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Access Through Integrated Technology

Over the past ten years I have engaged with and learned how to use various forms of technology to support my personal life. Ten years ago, the extent of my use of digital technology was primarily using email to communicate with friends and family. Over time, I have learned how to use Facebook to communicate with long, lost friends, share lessons and documents with my colleagues using Dropbox and Google Docs, use a map on my phone to navigate the streets of New York City, and buy and read books on my iPad. While the evolution of technology has its positives and negatives, many of the tools I have learned to use have added to my professional and personal life.

 
Prior to this year, the technology I tried out in the classroom was limited to word processing to publish already written assignments and doing limited research on the Internet.  After teaching for more than ten years, I realized it was time to bite the bullet and explore and use technology in my classroom.
 
This is the story and process of how I engaged in integrating technology into my teaching. There were many successes and failures throughout this process, but I came away from this inquiry with an excitement about the benefits of using technology and a feeling of urgency about equipping my students with tools to be successful in the ever-changing, digital world.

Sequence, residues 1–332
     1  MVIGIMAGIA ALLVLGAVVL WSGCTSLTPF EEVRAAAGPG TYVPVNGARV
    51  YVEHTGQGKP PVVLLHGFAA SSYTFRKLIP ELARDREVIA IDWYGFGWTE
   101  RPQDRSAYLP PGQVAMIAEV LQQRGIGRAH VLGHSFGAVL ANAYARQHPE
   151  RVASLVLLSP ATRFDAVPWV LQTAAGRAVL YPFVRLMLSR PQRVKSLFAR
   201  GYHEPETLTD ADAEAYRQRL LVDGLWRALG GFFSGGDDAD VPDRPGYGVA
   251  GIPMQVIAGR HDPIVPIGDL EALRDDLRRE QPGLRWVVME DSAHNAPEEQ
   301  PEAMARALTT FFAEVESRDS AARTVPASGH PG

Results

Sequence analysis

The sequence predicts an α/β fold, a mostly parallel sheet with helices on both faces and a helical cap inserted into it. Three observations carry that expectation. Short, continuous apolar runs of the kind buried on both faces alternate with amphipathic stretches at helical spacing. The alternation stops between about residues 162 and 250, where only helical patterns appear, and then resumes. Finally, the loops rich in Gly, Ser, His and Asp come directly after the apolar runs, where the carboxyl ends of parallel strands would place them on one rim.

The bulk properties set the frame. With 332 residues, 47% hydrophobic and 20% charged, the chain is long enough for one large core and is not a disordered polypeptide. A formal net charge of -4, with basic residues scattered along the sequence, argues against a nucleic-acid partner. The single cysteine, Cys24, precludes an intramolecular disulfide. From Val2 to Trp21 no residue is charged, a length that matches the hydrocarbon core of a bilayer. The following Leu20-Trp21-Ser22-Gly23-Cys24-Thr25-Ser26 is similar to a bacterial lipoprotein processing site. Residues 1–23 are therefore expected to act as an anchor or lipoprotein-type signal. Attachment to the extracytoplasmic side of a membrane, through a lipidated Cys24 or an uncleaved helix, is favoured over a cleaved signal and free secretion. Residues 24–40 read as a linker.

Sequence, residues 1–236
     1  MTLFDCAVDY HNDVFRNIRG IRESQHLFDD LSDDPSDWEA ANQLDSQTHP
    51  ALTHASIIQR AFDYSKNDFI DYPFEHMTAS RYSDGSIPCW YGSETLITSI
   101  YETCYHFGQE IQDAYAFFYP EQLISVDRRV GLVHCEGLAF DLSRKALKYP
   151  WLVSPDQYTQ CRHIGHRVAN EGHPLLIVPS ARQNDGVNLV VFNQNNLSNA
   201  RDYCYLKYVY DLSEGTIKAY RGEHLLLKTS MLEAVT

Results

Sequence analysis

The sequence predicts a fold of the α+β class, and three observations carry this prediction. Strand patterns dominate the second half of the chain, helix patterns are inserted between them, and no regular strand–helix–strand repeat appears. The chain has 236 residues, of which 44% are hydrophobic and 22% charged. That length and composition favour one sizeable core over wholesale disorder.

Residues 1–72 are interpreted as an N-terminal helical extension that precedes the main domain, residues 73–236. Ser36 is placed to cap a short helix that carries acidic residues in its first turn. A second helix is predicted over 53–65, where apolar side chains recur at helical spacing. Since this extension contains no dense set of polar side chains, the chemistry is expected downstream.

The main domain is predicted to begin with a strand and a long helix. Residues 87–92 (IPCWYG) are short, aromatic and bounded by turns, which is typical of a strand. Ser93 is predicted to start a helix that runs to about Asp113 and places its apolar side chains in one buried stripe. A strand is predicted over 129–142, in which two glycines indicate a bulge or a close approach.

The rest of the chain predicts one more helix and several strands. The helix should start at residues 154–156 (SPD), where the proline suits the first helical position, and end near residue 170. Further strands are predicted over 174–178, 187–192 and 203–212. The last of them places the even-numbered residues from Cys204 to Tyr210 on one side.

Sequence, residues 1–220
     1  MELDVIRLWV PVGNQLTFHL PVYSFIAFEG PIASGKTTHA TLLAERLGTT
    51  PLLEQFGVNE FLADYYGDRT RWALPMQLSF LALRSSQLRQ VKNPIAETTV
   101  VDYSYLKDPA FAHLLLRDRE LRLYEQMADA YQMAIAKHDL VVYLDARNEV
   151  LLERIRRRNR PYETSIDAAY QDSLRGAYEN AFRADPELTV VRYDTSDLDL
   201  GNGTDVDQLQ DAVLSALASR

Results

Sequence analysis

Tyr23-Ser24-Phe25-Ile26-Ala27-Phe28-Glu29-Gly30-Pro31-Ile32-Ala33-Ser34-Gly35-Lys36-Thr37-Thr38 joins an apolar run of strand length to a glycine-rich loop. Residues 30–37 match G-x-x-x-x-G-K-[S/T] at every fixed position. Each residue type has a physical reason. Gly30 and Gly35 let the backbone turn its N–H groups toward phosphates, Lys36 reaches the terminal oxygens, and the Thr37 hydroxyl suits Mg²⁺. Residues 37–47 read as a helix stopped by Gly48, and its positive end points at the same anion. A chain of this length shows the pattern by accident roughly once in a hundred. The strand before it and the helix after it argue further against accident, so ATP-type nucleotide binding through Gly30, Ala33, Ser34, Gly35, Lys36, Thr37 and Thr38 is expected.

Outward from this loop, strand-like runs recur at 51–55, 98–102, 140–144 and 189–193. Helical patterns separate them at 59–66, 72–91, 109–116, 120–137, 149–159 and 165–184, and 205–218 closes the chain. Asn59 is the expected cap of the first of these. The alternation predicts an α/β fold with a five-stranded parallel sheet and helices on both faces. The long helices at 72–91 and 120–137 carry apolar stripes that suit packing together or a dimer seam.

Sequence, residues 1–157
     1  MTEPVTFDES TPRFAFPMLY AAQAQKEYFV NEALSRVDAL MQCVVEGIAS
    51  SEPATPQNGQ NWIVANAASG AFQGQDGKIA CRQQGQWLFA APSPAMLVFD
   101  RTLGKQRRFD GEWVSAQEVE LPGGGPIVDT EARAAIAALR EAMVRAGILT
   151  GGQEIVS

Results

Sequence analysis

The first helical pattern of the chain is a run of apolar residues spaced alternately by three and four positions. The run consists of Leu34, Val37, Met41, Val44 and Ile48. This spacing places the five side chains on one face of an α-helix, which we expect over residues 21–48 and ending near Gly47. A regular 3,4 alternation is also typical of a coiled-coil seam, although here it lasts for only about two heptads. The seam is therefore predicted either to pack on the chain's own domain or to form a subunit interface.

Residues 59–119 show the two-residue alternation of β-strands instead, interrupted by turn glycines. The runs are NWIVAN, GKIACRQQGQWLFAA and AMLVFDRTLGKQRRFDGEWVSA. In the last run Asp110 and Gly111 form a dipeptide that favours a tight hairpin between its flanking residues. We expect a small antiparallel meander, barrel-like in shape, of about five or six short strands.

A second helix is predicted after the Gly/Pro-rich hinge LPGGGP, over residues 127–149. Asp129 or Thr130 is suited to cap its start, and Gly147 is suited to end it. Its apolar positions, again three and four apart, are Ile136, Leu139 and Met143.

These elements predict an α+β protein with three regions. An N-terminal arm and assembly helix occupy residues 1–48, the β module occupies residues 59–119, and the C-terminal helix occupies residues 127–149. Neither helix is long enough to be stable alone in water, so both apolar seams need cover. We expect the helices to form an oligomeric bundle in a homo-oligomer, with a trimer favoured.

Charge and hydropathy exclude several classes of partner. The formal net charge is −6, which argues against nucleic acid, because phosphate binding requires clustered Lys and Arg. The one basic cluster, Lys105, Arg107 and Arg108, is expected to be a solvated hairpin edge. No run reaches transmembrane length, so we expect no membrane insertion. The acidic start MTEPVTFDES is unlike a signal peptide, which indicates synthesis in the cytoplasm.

Student Response Video: What do you like about using technology in the classroom?
 
 

Bio

 
My name is Janice Manning and I am a fifth grade special education teacher who works in a New York City School in Brooklyn, New York.  I work in an ICT (Integrated Co-Teaching) Classroom. This is an inclusive classroom with one special education teacher (me!) and a general education teacher who collaborate together in all subject areas to teach a class with special education students (up to 12 students) and general education students.  All of the ideas and work that went into our exploration of technology in the classroom was done alongside my wonderful co-teacher Susannah Weiss-Ortiz.  We have worked together for four years, teaching both fourth and fifth grade. There are 32 students in our classroom, 12 students identified with special needs.  Nine of the students with Individual Education Plans (IEPs) are also considered English Language Learners (ELLs).  In addition to the nine students who receive both special education services and English as a Second Language (ESL) services, there are six students who are identified as only ELLs and currently receive ESL services.  This overlap of services and needs of our students highlights the need for creative and diverse way to engage and instruct our students.